How to save water and money with low-flow plumbing?

Water rates are rising and homeowners are looking for ways to save on costs. Transitioning your home’s plumbing system to water-efficient, low-flow fixtures, and appliances is one of the most effective strategies.

Swap out old toilets

Toilets account for nearly 30% of household water consumption. Replacing aging, inefficient toilets with new low-flow models saves thousands of gallons per year. Low-flow toilets use 1.28 gallons per flush compared to older models that use 3.5 gallons per flush or more. Aim for WaterSense labeled models that are independently certified high-efficiency. Switching to low-flow showerheads that use 2.0 gallons per minute or less makes a major dent in water usage. Old showerheads often flow at 2.5 gallons per minute or more. Low-flow models also maintain great water pressure. For best results, choose WaterSense-rated showerheads. Make sure you check the tub spout diverter for leaks.

Upgrade to high-efficiency faucets

High-efficiency bathroom and kitchen faucets restrict water flow to 1.5 gallons per minute or less while still offering full pressure. Compared to standard faucets that use 2.2 gallons per minute, savings are significant. WaterSense-labeled models undergo rigorous flow testing and efficiency certification. Even minor leaks result in hundreds of gallons of water loss per month. Fixing dripping faucets, showerheads, and toilets needs to be a priority. Check for toilet tank leaks annually. Swap out worn washers, gaskets, and O-rings in drips. plumber Vaucluse service fixtures that continue leaking after DIY repair attempts.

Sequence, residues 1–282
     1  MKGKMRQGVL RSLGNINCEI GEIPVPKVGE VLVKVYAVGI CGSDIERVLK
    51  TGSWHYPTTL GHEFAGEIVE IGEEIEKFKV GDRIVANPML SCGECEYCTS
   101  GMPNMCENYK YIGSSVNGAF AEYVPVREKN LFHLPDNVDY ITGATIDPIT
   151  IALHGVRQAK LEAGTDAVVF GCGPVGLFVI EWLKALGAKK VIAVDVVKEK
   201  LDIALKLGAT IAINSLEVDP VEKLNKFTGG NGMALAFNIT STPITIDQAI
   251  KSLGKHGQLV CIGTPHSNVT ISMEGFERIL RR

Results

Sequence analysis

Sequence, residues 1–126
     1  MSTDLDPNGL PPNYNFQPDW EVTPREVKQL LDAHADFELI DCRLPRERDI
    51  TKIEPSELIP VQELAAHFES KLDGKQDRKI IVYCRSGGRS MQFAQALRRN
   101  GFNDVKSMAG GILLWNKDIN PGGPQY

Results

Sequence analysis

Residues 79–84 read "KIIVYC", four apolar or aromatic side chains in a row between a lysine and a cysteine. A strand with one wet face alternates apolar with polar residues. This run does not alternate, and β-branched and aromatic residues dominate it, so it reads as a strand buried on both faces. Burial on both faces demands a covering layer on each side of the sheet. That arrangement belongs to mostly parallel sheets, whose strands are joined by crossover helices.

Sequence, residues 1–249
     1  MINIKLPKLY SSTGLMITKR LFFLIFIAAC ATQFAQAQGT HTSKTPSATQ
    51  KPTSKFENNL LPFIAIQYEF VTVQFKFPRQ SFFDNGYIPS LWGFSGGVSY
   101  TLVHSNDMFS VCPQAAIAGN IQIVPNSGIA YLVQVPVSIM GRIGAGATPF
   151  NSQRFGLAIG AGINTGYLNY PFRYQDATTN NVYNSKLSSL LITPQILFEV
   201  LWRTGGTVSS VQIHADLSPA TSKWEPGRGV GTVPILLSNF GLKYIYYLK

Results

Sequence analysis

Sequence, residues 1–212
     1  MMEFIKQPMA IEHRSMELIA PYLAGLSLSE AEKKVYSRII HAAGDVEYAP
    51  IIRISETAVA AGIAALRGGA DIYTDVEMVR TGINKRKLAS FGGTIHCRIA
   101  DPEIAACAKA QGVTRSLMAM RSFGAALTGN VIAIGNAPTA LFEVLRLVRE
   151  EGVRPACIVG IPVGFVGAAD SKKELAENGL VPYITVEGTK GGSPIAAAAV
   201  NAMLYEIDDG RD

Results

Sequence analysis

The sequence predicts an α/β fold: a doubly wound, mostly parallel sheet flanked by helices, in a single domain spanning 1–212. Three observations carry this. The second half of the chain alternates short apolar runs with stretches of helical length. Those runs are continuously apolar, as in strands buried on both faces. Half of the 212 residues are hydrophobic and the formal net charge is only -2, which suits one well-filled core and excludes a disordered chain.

Install water saving aerators

Low-cost, easy-to-install faucet aerators restrict water flow while maintaining wetting effectiveness. Standard aerators use around 2.2 gallons per minute. Swapping them for low-flow models using 1.0 or 1.5 GPM drastically cut water usage. Just make sure your plumbing handles the lower flow rates.  Leaks behind walls, under sinks, and underground waste serious amounts of water. Water bills that spike unexplainably indicate a leak. Have a plumber perform leak detection if suspicious. It makes sense to fix concealed leaks. When replacing appliances like dishwashers and washing machines, look for ENERGY STAR-rated models designed for high water efficiency. Only run full loads of laundry or dishes to maximize savings. Adjust water levels downward if possible on older machines.

Modify irrigation systems

Sprinkler systems and landscapes require huge water volumes. Adjust timers for shorter, less frequent watering cycles. Upgrade to drip irrigation, smart controllers with rain sensors, and low-flow spray nozzles to achieve dramatic outdoor water savings. Don’t use toilets as trash cans take shorter showers, turn off the water while brushing teeth, fill the sink to wash dishes, scrape rather than rinse dishes, and avoid unnecessary flushing. Small changes make a difference. Routinely check under sinks for leaks at supply lines, drains, and traps. Have leaks repaired immediately before they worsen and waste higher volumes of water? Preventive leak detection is smart.